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A review of tracheostomy and laryngectomy

A presentation on Prezi presentations that will amaze and inspire your audience.
by

Ibrahim Alava

on 4 January 2014

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Transcript of A review of tracheostomy and laryngectomy

There is a hole
in the neck

A review of tracheostomy and laryngectomy
Ibrahim Alava III, MD
Otolaryngology - Head and Neck Surgery
University of Texas - Houston
Objectives
Know the difference between a tracheostomy and laryngectomy

Review the indications for both procedures

Know the tubes used for both tracheostomy and laryngectomy

Demonstrate the usage of the proper nomenclature when discussing tracheostomy and laryngectomy
Tracheostomy
Tracheotomy
Surgical Procedure that places a "hole" into the trachea through an incision through the neck
History
First described by Egyptians in 3600 B.C

Mainly used to treat airway obstruction

Used by Alexander the Great to save
a soldier in battle by inserting his sword
into the neck
Tracheostomy
The fenestration or "hole" created in a trachea
Why?
Indications
Airway Obstruction
Tumor
Trauma
Foreign Body
Long term ventilator dependence
Need for pulmonary toilet
Aspiration
Pulmonary pathology
Decrease dead space
OSA
Airway Anatomy
Larynx - Voice Box
Trachea - Windpipe
Bronchi
Lungs
Airway
Larynx Anatomy
Thyroid Cartilage
Cricoid Cartilage
Hyoid bone
Trachea
Tracheotomy
Steps of Procedure
Palpate landmarks
Incision through skin/soft tissue
Find midline of strap muscles
Retract strap muscles
Divide OR retract thyroid gland
Incise tracheal cartilage
Introduce tube
Tracheostomy Tube Components
Oral cavity
Nasal cavity
Pharynx
11cm long
D-shaped, incomplete rings
16-20 rings
Starts at C-6 to T-5
Tracheostomy:
Surgical Animation
Tracheostomy Tubes
Material?
Hard plastic
Soft plastic
Metal
Cuff?
With or Without
Inner Cannula?
With or Without
Size
Adjustable
Brand?
Shiley
Bivona
Portex
Jackson
Tracheostomy Tube examples
Brands
Laryngectomy
Total Laryngectomy: Definition
Surgical removal of the larynx, with diversion of trachea to the skin and closure of pharynx and esophagus, separating the airway from the digestive tract
History
First performed by Billroth in 1873 on school teacher
Partial laryngectomies pre-date the total laryngectomy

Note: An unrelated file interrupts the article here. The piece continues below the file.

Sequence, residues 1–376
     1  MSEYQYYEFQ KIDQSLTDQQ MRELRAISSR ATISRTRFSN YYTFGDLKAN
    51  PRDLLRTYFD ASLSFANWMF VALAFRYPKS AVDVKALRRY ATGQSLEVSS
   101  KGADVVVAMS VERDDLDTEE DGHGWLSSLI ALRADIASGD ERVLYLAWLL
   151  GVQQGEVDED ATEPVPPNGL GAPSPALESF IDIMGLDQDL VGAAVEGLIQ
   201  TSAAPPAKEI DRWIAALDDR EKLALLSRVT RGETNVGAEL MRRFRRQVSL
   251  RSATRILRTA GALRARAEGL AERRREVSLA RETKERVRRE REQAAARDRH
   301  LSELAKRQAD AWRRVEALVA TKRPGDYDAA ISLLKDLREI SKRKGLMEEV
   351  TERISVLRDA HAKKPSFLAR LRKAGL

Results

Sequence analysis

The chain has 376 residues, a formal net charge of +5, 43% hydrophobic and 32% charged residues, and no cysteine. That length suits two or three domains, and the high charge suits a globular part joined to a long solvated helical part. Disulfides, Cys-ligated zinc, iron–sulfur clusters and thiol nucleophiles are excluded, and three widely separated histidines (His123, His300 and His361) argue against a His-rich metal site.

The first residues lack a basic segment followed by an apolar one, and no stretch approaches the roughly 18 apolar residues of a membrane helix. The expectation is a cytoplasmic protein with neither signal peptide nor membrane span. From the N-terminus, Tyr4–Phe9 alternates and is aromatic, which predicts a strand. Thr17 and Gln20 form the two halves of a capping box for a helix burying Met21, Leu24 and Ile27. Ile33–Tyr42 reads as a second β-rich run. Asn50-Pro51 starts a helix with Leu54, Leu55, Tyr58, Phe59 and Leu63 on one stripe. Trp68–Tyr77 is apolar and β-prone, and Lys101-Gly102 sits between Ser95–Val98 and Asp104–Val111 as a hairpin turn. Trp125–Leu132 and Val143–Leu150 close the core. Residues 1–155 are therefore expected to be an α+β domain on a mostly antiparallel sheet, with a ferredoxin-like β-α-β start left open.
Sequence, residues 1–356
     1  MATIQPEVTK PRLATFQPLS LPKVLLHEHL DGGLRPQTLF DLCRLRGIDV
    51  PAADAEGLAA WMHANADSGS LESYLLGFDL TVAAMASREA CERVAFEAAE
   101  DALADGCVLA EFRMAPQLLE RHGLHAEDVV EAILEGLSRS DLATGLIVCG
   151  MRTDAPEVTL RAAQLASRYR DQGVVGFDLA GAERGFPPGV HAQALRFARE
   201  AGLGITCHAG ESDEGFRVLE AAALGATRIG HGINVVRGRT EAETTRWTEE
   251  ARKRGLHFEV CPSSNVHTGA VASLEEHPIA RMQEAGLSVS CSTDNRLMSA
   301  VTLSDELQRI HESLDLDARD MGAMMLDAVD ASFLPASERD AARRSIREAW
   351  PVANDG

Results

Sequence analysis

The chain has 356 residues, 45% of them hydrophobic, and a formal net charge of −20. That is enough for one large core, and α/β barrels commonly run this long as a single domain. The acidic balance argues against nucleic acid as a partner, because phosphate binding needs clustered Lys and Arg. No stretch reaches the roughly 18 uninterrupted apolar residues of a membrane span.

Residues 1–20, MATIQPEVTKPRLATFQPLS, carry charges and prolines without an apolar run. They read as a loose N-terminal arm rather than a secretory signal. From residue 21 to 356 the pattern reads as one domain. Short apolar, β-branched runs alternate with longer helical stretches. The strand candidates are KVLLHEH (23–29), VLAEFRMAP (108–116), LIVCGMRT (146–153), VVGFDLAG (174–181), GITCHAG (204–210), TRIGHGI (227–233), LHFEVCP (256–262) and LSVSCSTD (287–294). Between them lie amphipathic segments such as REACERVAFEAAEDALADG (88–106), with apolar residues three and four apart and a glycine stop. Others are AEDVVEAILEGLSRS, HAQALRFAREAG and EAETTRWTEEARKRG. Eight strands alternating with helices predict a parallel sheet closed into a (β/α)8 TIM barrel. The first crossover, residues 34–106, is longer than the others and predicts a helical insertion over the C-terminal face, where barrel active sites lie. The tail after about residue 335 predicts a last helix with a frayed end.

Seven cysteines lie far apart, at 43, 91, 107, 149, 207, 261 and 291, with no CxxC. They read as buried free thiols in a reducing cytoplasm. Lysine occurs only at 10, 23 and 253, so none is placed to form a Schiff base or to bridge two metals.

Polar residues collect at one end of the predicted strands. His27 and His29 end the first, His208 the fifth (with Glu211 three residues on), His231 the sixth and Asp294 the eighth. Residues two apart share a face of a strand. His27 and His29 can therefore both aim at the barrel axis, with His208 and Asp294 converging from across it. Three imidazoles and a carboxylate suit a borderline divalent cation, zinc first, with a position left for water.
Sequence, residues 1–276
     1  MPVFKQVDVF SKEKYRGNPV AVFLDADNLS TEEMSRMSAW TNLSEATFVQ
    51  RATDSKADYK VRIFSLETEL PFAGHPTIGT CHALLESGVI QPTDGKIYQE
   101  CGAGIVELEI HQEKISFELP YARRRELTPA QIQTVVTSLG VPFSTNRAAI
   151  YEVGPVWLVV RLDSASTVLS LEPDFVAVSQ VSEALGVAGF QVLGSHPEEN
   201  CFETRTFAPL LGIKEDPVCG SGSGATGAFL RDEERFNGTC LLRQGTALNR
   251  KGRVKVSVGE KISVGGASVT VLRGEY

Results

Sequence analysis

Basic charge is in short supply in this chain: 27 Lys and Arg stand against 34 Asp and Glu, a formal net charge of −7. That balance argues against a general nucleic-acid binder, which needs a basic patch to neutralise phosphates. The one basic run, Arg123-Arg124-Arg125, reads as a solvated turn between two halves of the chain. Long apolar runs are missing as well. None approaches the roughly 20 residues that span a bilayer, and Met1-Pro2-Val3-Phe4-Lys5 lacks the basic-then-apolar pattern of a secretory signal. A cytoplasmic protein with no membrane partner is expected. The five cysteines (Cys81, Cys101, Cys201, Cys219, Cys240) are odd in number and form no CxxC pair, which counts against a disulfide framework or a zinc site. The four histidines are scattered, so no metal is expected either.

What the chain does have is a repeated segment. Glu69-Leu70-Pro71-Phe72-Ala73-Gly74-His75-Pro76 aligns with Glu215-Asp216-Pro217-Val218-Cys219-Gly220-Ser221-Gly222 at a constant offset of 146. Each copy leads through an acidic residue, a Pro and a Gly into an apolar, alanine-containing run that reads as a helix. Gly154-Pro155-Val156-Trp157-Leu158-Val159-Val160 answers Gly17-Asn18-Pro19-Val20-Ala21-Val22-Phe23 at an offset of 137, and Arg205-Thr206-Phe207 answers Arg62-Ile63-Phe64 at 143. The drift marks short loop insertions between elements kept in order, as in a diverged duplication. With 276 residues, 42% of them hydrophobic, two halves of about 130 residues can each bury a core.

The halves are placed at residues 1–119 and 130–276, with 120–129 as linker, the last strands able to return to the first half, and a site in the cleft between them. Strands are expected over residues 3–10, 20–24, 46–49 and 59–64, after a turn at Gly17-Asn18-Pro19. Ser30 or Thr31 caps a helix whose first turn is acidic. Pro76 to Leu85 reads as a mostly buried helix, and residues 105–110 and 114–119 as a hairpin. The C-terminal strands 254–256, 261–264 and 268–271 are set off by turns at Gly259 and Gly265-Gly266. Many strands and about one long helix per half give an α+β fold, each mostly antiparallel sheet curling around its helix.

Remained the "Gold Standard" for treatment of larynx cancers up until late 80s early 90s
Early 1990s
- VA trial
Changed the paradigm of treatment
2/3 of patients kept larynx after laryngeal conservation approach - Radiation/Chemo
Survival - equal in each arm
Current practice
- Total laryngectomy resevered for salvage/dysfunctional larynx
2009
- Laryngectomy removed by RRC as key indicator for graduating otolaryngologist
Why?
Indications
Cancer
Bulky destructive tumors
Salvage after Radiation
Dysfunctional larynx
Trauma
Previous Chemo/Radiation
Chronic tracheostomy
Chronic Dysphagia
Chronic Aspiration
Tubes, holes, filters and more tubes
Tracheostoma
NO tube, Trachea sewn to skin
Surgical Procedure
Lary-tube, Lary-button and HME
HME:
Heat & moisture exchanger
Heat and moisture exchanging capacity,
Resistance, and
Filtering particles
3 Purposes of HME for laryngectomy patients
Voice Restoration
Electrolarynx and TEP
Electrolarynx
Tracheo-esophageal Prosthesis
Device generates vibrations through skin that are transmitted and formed into a voice
One way valve between trachea and esophagus
When stoma is occluded, air is forced into the prosthesis and out into esophagus and mouth
Pulmonary driven like normal speech
TEP Speech
What's that Purple Valve???
Passey-Muir Valve
One-way valve
Allows inspiration through the tube
Expiration through larynx and upper airway
Passey - Muir Valve
Airway and Swallowing physiology:
PMV usage
Quiz
Does a laryngectomy patient require a tube?
Can a laryngectomy patient be orally intubated?
Do tracheostomy patients require a tube?
Can tracheostomy patients talk?
Can laryngectomy patients talk?
Can laryngectomy patients smell?
Can tracheostomy patients smell?
Laryngectomy Caveats!!!
Do's and Don'ts
After Surgery they are aphonic - they cannot call for help!

They CANNOT be orally intubated!
Summary
A tracheostomy is usually temporary
Laryngectomies are permanent
Using the correct terminology decreases confusion
Both patients can "voice"
Laryngectomees cannot be orally intubated
Always ask questions when there is confusion
Full transcript